Writing Competition 2020: Guidance and Inspiration
Posted by david-hand
| 29 July 2019
To inspire your entries for the Justis International Law & Technology Writing Competition 2020, below you can find ideas and links alongside the prize winning entries from our previous competitions.
The topics for 2020:
- Technology & the future of legal practice
- Social Media, data and privacy
- Access to justice and technology
Technology & the future of legal practice
The impact of technology continues to grow within the legal industry, from transforming how legal research is conducted to the potential of artificial intelligence to disrupt the way a range of tasks are conducted within law firms. As governments continue to support the development of AI and analytics in the legal sector, the question of limitations is beginning to emerge, both in what are and what should be the limitations of these technologies, and how this could be translated into legislation.
- What will happen as legal technology continues to be embedded within firms? Will lawyers be replaced? Will clients pay cheaper fees?
- Should governments around the world supporting law firms in the development and adoption of legal technology?
- Should analytics be allowed to develop to the point that they can be highly accurate in predicting how a judge may rule before a case even begins?
French law banning naming of judges “will not stop analytics”
Government pumps £6m into legal AI and analytics projects
Could Artificial Intelligence Put Lawyers Out of Business?
Social Media, data and privacy
There are an estimated 3.725 billion active social media users in the world. These users generate an ever-growing amount of data, but many will be unaware of the rights they sign-over when joining a social media platform, and the rights they still have over their data. Data protection legislation, such as the General Data Protection Regulation in the EU, acts to place people in control of their own data, but concerns around the privacy that they, and their data, have on social media platforms remain.
- While people have control over what they post on social media, should they have control over things that others post which feature them?
- Should social networks be creating ‘shadow profiles’, aggregating information about someone who does not exist on their platform?
- Have changes in data protection legislation changed the behaviour of social media companies?
New Research Study Shows That Social Media Privacy Might Not Be Possible
Wikipedia founder calls for social media strike
Posting on Facebook and Instagram about your holiday could invalidate your insurance, police warn
Access to justice and technology
The Universal Declaration of Human Rights states that “All are equal before the law and are entitled without any discrimination to equal protection of the law”. However, for many, this equality is out of reach for a range of reasons, from geography and language to finances and knowledge. Technology can be used to improve access to justice, with many ways to achieve this from online courts to mobile apps to aid with specific matters.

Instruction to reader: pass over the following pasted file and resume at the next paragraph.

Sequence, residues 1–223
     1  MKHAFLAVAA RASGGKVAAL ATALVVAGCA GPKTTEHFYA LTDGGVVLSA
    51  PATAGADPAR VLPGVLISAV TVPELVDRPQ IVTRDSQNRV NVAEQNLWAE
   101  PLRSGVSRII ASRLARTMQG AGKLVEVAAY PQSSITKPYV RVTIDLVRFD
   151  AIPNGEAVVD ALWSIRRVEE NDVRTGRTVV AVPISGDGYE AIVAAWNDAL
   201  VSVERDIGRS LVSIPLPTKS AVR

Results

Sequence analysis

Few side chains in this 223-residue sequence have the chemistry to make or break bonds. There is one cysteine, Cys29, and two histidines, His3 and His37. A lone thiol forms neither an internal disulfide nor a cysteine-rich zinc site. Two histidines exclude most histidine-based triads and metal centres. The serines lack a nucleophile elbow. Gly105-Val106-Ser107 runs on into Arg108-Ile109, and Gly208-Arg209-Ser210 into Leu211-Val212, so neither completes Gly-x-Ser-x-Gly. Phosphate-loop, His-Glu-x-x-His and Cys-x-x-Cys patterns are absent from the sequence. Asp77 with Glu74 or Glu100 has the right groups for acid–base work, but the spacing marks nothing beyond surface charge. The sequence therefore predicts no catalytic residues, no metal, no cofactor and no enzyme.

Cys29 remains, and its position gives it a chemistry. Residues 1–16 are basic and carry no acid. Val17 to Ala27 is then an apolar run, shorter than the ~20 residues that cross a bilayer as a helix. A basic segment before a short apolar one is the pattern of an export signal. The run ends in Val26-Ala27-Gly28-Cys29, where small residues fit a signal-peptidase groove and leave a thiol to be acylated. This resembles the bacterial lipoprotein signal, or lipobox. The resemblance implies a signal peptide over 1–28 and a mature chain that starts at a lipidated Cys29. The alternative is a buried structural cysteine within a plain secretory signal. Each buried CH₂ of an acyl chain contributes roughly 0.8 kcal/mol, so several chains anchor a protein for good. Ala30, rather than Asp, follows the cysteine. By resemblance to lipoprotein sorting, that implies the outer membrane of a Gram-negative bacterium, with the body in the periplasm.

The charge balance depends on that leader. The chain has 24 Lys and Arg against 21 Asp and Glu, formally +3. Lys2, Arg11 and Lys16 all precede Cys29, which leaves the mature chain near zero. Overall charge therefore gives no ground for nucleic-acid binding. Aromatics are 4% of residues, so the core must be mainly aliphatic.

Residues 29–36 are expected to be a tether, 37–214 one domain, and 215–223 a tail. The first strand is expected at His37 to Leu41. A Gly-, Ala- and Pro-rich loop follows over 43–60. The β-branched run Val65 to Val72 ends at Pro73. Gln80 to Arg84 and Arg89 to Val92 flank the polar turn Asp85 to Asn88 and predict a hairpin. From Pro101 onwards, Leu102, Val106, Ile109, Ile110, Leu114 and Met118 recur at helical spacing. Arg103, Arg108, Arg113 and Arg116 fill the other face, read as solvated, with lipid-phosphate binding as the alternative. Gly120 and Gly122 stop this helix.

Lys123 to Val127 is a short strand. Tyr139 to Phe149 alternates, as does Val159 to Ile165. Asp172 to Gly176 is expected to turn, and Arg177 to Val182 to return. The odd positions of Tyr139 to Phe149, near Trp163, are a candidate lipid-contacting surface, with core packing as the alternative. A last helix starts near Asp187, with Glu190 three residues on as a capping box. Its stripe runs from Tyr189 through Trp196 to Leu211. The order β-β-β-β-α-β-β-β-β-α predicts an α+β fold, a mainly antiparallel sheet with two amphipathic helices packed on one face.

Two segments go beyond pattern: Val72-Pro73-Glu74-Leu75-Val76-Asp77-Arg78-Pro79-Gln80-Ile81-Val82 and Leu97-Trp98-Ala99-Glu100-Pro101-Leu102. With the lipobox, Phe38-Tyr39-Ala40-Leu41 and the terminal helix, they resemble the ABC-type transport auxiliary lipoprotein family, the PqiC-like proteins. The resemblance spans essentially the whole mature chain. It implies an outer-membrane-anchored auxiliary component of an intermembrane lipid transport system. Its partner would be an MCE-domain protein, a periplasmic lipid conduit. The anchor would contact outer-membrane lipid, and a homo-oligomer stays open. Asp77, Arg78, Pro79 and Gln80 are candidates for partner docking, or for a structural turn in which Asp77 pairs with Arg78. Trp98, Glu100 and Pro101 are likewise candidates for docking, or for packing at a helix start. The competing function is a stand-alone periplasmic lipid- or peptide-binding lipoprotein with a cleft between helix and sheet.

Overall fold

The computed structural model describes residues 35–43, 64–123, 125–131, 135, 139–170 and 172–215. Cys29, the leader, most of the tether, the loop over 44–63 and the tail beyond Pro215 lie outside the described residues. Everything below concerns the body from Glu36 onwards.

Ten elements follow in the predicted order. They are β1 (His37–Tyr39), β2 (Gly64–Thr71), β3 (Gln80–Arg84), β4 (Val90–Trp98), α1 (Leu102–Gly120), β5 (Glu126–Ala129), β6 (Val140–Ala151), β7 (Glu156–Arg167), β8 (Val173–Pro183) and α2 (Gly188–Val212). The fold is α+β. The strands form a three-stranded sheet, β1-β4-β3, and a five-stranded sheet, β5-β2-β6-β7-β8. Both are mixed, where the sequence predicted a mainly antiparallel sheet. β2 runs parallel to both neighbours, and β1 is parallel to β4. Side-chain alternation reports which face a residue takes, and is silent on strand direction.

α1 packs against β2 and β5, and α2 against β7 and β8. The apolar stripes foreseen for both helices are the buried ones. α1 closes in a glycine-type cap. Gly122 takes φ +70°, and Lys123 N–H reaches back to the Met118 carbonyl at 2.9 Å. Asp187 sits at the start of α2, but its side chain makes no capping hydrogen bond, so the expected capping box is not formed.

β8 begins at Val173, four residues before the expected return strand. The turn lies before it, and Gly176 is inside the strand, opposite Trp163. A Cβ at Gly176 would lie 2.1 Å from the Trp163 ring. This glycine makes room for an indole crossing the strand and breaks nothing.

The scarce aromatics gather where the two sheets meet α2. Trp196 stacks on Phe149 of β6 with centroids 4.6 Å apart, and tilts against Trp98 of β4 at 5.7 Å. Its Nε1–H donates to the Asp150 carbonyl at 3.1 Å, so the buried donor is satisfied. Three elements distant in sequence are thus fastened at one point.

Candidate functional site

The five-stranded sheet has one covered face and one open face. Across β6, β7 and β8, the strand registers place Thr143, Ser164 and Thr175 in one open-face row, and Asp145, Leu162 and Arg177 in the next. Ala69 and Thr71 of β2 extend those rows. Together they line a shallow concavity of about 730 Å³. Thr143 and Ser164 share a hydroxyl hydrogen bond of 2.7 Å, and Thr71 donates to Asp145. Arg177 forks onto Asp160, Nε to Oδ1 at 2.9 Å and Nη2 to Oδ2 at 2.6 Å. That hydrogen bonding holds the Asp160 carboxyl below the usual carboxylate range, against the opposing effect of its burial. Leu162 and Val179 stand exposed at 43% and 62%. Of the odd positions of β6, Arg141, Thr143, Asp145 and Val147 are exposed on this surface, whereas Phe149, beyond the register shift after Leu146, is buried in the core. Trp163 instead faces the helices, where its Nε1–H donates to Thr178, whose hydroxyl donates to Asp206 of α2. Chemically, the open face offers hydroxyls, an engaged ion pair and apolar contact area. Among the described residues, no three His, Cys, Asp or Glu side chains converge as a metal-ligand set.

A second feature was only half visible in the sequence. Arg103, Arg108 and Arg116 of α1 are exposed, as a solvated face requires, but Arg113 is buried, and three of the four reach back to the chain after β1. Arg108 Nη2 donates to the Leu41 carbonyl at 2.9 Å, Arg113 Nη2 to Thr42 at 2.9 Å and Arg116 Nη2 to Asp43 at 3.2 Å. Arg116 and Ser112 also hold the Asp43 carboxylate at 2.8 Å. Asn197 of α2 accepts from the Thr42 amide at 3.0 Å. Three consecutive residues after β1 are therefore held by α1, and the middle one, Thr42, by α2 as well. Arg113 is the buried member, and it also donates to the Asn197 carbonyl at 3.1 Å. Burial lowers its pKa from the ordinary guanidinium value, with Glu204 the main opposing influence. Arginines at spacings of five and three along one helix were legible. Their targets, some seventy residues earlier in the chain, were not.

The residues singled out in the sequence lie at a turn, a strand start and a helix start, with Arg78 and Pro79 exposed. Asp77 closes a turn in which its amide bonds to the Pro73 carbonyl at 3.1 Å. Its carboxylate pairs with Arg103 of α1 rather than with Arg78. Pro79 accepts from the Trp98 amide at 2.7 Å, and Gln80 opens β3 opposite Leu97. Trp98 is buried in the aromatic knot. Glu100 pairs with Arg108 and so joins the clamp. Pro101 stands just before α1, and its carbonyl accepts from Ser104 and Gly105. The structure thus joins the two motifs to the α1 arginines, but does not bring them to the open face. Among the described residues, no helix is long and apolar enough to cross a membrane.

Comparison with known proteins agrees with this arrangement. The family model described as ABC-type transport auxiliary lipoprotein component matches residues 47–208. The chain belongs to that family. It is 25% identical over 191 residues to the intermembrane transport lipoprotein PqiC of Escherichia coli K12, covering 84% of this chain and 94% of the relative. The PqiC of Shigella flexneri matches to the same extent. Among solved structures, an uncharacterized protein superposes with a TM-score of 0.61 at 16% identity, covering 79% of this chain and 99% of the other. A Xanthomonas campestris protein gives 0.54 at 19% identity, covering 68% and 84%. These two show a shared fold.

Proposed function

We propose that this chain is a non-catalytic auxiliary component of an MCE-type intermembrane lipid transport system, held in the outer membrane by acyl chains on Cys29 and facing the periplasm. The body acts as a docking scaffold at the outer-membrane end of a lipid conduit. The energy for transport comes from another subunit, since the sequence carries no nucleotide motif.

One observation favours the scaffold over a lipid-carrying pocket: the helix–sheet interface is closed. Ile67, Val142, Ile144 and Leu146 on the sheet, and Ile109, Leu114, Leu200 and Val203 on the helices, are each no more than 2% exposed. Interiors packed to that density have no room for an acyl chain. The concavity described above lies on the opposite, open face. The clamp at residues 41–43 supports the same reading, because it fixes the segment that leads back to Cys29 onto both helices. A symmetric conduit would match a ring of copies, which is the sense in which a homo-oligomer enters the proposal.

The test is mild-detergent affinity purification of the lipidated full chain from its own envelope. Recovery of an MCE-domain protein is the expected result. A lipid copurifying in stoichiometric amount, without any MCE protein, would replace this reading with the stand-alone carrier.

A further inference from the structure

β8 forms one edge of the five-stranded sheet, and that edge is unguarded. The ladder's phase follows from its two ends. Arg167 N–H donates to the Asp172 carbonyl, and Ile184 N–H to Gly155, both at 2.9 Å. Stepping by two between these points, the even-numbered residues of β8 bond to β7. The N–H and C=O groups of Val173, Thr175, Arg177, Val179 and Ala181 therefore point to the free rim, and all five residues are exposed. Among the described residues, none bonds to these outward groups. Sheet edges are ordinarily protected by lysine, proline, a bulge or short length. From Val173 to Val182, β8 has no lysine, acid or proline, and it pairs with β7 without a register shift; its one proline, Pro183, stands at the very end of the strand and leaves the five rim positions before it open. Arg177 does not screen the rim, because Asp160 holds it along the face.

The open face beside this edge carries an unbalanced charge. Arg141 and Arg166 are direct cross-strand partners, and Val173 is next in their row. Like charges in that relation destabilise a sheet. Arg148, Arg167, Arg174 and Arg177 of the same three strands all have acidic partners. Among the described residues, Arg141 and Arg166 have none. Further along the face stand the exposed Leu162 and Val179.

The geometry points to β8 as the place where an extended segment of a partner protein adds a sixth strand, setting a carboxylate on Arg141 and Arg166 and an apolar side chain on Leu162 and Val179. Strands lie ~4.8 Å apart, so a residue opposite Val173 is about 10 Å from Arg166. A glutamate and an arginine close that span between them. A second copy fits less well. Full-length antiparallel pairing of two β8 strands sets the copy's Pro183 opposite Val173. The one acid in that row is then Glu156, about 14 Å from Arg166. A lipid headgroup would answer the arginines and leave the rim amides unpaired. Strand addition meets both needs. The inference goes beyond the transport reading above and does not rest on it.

- Who should be providing support and funding to projects which aim to develop technologies to increase access to justice?
- Will online courts in the UK be successful in increasing access to justice by reducing the pressure on the court system?
- Does using technology to increase access to justice risk further alienating those who cannot use these technologies?
How technology has improved access to justice
‘Don’t get stuck in Groundhog Day’, app creators warned
Susskind clashes with MPs on digital exclusion
Previous Winning and Best in Category articles
Justis Writing Competition 2019 overall winning article
Block-chain reaction: Why development of blockchain is at the heart of the legal technology of tomorrow
By Kim Rust from the University of Sheffield
Justis Writing Competition 2018 overall winning article
The Tortoise and the Hare? Due Process and Unconstitutionally Obtained Evidence in the Digital Age
By Róisín Costello from Trinity College School of Law, Dublin
Justis Writing Competition 2019 best in category: The Future of Legal Technology
Get on the scene like a tax machine
By Walter Myer from the University of Oxford
Justis Writing Competition 2019 best in category: Social Media, Technology and the Law
Blurred Lines: Social Media in Armed Conflict
By Iphigenia Fisentzou from BPP
Justis Writing Competition 2019 best in category: Access to Justice and Technology
Janus-faced justice? The role of legal technology in the provision of access to justice
By Eleanor De from City, University of London
Justis Writing Competition 2018 best in category: The Future of Legal Practice
Artificial Intelligence and the Legal Industry: Making Sense of AI for Aspiring Lawyer
By Patrick Alexander Hum from London School of Economics
Justis Writing Competition 2018 best in category: Global Public Impact
Jurors, the Internet and Mistrials
By Jae Jun Kim from the University of Auckland, New Zealand
Justis Writing Competition 2018 best in category: Technological Innovations
Can Facebook Make Data-scraping Illegal?
By Secil Bilgic from Harvard Law School, USA
< Return to the writing competition page
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